Washington could learn from Albany?
Aug 03, 2011 | 2351 views | 0 0 comments | 26 26 recommendations | email to a friend | print
We never thought we would be saying this, but maybe the folks in Washington, D.C., could learn a thing or two from the folks in Albany.

What was once arguably the most dysfunctional state legislature in the country (and we say arguably only because California makes a pretty good run for that dubious distinction) has actually been somewhat effectual as of late, passing a budget on time and even coming to a compromise on an issue as controversial as same-sex marriage.

But right now the political situation in Washington suffers from the same issues that plagued Albany just a couple of years ago: Republican leadership that is more concerned with its political survival than actually solving the issues they were elected to solve and a soft leader in the top position of the Executive Branch.

The agreement to raise the debt ceiling that was reached over the weekend does nothing to address the larger issues that are causing the nation's economy to go down the tubes. That is due in large part to a handful of spineless Republicans who have come under the sway of the Tea Party movement, a group that seems hellbent on dragging down not only the U.S. economy, but the world economy as well, with its short-sighted views.

Tea Party members claim that the budget is being balanced on "their backs." Well, of course it is. And everyone else's They - and we - are the country and it is our - and that means all of us - economy. You can argue about the way the country got into this mess, but it doesn't make any sense to now take the position that it is not our responsibility to get our country out of its economic woes. Their anger should be directed at the politicians who let it get this far, not trying to strong arm the politicians who are now trying to come up with a way to solve the problem.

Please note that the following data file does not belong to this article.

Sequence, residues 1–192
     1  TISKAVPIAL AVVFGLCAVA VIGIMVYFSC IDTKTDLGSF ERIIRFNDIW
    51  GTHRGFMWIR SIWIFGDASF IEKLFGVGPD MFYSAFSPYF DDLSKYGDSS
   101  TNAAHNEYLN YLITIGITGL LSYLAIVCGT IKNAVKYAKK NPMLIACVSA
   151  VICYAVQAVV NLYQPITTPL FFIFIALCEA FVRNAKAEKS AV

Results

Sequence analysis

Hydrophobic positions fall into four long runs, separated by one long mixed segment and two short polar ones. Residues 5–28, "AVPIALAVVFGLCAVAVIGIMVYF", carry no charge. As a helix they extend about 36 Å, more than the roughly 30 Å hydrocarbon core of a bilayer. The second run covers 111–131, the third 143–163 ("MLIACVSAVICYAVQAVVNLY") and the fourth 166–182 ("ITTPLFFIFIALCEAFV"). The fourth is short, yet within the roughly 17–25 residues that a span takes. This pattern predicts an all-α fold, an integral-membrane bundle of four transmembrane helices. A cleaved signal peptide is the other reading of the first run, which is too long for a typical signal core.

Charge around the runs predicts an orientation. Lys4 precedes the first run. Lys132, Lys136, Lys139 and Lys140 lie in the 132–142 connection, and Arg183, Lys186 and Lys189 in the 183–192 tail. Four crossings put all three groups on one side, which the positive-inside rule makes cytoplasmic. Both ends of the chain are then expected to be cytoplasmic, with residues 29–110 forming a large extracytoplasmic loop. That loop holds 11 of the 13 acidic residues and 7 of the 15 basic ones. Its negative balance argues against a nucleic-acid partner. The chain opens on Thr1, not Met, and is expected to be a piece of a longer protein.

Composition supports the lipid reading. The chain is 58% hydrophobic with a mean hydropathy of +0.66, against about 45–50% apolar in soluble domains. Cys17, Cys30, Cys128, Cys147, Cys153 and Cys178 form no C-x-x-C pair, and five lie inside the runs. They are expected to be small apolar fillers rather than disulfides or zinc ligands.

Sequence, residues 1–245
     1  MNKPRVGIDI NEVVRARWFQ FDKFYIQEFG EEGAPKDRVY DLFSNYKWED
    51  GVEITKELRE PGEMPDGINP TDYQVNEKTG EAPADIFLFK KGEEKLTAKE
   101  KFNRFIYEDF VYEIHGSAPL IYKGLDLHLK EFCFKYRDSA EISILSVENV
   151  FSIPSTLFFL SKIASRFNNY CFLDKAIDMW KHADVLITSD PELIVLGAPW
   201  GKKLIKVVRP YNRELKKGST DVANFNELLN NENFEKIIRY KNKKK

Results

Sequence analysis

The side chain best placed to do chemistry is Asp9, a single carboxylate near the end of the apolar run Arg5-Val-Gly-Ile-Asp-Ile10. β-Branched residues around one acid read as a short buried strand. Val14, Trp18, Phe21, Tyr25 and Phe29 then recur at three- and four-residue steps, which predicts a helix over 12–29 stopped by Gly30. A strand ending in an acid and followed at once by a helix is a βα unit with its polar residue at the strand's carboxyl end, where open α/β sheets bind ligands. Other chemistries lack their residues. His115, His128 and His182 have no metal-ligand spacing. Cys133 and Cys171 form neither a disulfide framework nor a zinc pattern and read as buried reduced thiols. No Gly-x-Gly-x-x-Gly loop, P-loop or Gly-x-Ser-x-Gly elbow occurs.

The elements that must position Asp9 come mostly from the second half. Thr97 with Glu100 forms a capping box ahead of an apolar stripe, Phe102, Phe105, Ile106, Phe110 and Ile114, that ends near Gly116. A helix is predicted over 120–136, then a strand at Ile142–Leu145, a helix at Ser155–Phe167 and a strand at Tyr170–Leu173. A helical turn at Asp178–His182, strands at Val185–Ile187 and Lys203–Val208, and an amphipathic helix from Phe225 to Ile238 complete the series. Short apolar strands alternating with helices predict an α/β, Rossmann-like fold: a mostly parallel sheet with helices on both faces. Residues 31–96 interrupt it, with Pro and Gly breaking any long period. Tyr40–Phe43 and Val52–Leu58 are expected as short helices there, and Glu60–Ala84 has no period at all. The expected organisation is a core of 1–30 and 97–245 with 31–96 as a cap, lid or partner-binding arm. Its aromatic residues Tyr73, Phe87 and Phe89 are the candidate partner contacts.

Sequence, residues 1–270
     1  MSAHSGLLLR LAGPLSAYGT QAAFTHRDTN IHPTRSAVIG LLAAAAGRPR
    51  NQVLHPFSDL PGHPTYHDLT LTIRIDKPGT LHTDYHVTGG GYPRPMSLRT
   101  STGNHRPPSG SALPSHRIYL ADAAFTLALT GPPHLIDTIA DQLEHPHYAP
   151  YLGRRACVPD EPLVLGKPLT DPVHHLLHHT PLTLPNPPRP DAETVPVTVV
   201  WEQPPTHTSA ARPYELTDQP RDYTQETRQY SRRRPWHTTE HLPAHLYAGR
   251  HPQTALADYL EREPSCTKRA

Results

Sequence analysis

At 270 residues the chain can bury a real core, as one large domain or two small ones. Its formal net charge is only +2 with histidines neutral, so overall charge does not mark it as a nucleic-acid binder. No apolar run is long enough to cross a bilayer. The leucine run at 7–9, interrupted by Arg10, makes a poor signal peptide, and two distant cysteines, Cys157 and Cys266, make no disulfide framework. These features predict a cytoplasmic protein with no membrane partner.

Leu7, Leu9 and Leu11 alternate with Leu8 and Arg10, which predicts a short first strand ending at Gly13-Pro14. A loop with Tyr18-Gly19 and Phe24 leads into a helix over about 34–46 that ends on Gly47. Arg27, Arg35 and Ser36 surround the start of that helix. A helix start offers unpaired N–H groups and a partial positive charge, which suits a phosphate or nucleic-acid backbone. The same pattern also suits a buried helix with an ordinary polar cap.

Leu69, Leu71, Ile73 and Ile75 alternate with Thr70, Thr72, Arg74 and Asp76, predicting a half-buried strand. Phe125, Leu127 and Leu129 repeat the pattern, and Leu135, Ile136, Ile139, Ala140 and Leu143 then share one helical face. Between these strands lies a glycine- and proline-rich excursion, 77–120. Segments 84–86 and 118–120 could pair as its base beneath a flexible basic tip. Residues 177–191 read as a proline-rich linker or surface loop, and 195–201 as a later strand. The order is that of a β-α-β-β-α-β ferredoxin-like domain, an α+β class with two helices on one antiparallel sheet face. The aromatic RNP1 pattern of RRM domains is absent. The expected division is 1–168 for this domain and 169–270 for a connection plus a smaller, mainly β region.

But reason is not a strong point of Tea Party members.

And neither do the Democrats escape without blame. If they really do have a plan - no matter how painful that plan may be - they have not done a good job of selling, or explaining, that plan to the American public. And that was the job of Barack Obama. In this case, he failed in his leadership.

No, neither party looks good in this mess, which was exactly the case in Albany not too long ago when constituents became disgusted with their state representatives on both sides of the aisle. Perhaps this whole budget mess and the public's overall dissatisfaction will have a transforming effect on Washington, and strong leadership and compromise will be the order of the day instead of petty political quibbling.
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